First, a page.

I take a deep breath when I hear parents leaving important educational decisions such as what courses to take the next year, or what schools to go to to their children.  That tends to happen with parents who have not attended all the informational meetings available to them.  How must it feel, to be an adult and think your child knows more than you when it comes to their future?

We have a lot of work to do with parents in our community.  In spite of the workshops about “characteristics of gifted children,” and “how to meet their social and emotional needs,” we might have to have basic workshops like “how to get your child to turn off their iPod and do their homework.”  We have a parent panels planned, with parents of different backgrounds who will share the secrets of their success with other parents.  But it really isn’t a secret.  It is about hard work, tough choices, and an eye on the prize.  But can parental ideas and expectations about the school system be taught?  What do you think?

4 Comments leave one →
  1. April 18, 2010 12:37 pm


    I appreciate your raising important issues about how schools can better connect with parents.

    At the same time, though, I am concerned about the paradigm you’re suggesting. I might characterize it as schools “communicating” to parents — telling them what they “should” know, “educating” them, “informing” them. Often, schools view this is a one way process.

    Instead, I would suggest developing an effort that is more focused on “conversation” — a two way process where schools are also asking parents what is going on in their lives and what they worry about; then bringing parents who share similar concerns together and working with them to approach the problem.

    Yes, some parents don’t actively participate in the school lives of their children because they don’t know how. Others, however, feel like they have their hands full trying to work multiple jobs, trying to protect their children from neighborhood drug dealers, etc.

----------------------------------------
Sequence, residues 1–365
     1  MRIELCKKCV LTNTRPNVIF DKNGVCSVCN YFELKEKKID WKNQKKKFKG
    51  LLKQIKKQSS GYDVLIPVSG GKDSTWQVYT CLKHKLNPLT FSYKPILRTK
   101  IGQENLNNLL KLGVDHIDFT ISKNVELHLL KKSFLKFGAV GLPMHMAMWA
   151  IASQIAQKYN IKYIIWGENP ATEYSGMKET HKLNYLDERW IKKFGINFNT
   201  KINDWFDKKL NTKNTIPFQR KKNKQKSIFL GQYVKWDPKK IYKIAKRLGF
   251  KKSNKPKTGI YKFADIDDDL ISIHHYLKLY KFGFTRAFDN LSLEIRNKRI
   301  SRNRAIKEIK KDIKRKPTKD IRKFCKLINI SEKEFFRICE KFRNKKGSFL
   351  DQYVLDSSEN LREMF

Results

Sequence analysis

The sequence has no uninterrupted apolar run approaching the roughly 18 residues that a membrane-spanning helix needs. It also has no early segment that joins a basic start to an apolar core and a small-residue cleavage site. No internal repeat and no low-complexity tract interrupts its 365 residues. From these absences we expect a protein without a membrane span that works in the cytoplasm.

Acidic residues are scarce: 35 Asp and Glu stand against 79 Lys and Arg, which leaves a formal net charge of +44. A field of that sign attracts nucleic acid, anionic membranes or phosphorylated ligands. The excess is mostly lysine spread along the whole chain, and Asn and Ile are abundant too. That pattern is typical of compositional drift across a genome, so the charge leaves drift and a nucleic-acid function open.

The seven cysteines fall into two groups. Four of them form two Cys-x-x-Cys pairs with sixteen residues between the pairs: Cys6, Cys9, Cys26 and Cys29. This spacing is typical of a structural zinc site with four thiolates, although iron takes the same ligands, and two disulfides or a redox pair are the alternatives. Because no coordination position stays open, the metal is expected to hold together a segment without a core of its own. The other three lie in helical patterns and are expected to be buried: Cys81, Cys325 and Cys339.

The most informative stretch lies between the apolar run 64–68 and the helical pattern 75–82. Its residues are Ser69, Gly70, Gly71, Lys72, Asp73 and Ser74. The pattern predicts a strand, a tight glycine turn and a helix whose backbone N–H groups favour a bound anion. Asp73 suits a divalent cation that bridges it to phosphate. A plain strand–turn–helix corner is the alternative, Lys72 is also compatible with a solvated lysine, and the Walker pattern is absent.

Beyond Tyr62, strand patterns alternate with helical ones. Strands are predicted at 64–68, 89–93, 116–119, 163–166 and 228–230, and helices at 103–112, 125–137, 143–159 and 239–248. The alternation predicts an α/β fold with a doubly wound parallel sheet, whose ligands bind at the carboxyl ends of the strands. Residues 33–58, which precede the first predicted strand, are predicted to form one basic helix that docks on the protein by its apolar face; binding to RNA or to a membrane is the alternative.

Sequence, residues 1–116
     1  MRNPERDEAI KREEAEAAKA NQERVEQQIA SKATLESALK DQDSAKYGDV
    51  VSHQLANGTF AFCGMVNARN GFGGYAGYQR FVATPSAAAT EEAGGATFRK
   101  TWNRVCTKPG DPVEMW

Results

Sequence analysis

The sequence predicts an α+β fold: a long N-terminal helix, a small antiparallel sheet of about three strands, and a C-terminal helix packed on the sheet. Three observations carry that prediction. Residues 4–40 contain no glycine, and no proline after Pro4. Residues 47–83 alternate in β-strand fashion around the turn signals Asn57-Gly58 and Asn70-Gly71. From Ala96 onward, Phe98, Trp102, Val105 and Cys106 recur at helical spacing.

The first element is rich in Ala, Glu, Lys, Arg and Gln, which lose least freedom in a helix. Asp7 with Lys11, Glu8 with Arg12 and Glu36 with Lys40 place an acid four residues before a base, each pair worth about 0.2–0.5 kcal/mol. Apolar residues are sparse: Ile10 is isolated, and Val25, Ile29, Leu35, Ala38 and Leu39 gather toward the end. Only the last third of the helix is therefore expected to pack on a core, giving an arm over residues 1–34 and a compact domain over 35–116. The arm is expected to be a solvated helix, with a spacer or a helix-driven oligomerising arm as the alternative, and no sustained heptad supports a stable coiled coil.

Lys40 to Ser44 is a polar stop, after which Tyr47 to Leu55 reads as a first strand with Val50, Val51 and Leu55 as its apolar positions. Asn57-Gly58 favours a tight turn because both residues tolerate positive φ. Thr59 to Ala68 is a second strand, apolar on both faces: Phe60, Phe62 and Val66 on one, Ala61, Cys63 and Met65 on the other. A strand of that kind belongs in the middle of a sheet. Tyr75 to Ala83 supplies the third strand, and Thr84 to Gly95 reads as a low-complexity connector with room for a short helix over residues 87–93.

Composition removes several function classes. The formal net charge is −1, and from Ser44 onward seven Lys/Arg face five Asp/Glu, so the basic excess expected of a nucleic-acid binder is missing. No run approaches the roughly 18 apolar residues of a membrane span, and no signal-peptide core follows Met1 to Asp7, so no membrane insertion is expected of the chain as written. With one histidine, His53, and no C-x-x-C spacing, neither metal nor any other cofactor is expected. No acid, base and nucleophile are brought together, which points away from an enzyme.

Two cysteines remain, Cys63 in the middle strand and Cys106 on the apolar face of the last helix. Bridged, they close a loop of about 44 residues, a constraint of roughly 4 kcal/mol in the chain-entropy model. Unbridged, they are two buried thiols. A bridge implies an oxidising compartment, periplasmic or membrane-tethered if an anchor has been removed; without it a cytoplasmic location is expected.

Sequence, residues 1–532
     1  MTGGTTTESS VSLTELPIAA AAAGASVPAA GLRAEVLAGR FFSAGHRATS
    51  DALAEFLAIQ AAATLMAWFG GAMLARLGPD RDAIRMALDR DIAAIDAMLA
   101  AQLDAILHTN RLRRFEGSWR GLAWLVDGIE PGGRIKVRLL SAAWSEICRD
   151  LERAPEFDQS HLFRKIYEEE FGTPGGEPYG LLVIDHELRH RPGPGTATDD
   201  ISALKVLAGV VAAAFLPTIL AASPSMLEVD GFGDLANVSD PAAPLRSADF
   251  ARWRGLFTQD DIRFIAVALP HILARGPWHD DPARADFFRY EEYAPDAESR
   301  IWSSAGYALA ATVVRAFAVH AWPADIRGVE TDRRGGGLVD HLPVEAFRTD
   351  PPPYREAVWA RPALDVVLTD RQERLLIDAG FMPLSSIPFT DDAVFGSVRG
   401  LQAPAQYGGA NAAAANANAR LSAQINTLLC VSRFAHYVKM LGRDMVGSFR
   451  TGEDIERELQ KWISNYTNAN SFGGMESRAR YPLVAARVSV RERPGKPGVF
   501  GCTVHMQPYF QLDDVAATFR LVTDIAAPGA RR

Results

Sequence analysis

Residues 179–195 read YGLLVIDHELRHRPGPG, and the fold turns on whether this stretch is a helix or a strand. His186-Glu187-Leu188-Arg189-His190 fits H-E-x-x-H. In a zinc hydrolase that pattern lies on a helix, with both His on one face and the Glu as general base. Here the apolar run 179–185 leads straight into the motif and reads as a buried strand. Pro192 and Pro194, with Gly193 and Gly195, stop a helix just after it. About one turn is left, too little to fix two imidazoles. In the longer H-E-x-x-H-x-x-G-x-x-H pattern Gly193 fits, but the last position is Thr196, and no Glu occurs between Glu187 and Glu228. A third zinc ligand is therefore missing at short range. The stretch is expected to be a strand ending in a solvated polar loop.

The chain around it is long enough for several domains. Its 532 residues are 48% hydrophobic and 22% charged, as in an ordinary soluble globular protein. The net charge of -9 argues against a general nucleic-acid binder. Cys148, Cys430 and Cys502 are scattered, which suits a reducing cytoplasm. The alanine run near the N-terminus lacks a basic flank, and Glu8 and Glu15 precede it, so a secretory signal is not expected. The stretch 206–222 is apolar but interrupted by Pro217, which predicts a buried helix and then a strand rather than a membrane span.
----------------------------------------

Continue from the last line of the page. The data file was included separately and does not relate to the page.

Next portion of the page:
I don’t believe that we will ever get many people participating in anything if the focus is on what WE want them to learn. Community organizers call that “irritation.” Rather, let’s listen to find out what THEY want to learn — that’s “agitation.” Through the relationship-building that goes one in that process, it’s amazing what EVERYBODY will learn….


    • April 18, 2010 2:48 pm

      Hi Larry!

      I hear what you are saying about this dialogue between schools and home. It is definitely possible that sometimes our approach to parental involvement borders on coercion (ie. mandating 40 hours of service as some charters do.) I would hope most people understand that lack of involvement certainly arises from the issues you mention. It doesn’t take much to dig a little deeper to find that there is usually a parent with a health issue, or an unemployed breadwinner, etc. that results in a student’s difficulties in school. But then what? Teachers and schools are being held 100% responsible for the achievement of students. Students in my school have 5 years left in the school system. After that, they are gone, on their own, adults in our society that will either help us or burden us. I feel we must move quickly and urgently and educate parents about their share of responsibility in their child’s education. Can parents ask for something they don’t know about?

      I wish my school had the funds to have a web of social services to mitigate the effects of poverty and lack of education of most of our parents. But instead, we are cutting our counseling services in half, already laid-off our dropout prevention counselor, and are reducing our deans for next year. In a society that truly valued public education, these positions, and more, would be fully funded. But we don’t live in that place anymore. And it is unacceptable that healthy, relatively problem-free parents allow their children to spend 5-8 hours daily in front of TV, the computer, or on their PSP because the child said they finished their homework in school. I see this more as teachers and parents closing ranks, especially with my gifted students, who are quite adept at getting out of doing work.

      Thanks for taking the time to comment! Certainly each school and each community is unique, and there are probably many answers and approaches to this issue. I appreciate your perspective.


  2. April 18, 2010 5:32 pm

    I’m a parent that has just found this site, and have to say, I very much agree with Larry. I have had experiences with schools that are so welcoming and so approachable that I feel like I’m working with partners. I join their committees, volunteer, actively engage. And then there are schools that talk down to me, act like there is only one way to be an involved parent, and otherwise disengage me. I tend to not get involved much there, hurry in and out of Open House as quickly as possible, and count the days until it’s over.

  3. April 19, 2010 4:06 am

    Very important topic. Well done!